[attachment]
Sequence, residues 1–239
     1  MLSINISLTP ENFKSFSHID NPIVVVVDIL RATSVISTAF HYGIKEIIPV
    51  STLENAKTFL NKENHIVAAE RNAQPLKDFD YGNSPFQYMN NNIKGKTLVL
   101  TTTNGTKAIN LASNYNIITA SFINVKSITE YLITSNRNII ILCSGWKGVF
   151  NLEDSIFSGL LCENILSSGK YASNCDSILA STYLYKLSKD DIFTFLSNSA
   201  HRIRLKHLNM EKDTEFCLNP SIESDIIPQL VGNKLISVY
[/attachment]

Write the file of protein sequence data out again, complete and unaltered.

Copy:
Sequence, residues 1–239
     1  MLSINISLTP ENFKSFSHID NPIVVVVDIL RATSVISTAF HYGIKEIIPV
    51  STLENAKTFL NKENHIVAAE RNAQPLKDFD YGNSPFQYMN NNIKGKTLVL
   101  TTTNGTKAIN LASNYNIITA SFINVKSITE YLITSNRNII ILCSGWKGVF
   151  NLEDSIFSGL LCENILSSGK YASNCDSILA STYLYKLSKD DIFTFLSNSA
   201  HRIRLKHLNM EKDTEFCLNP SIESDIIPQL VGNKLISVY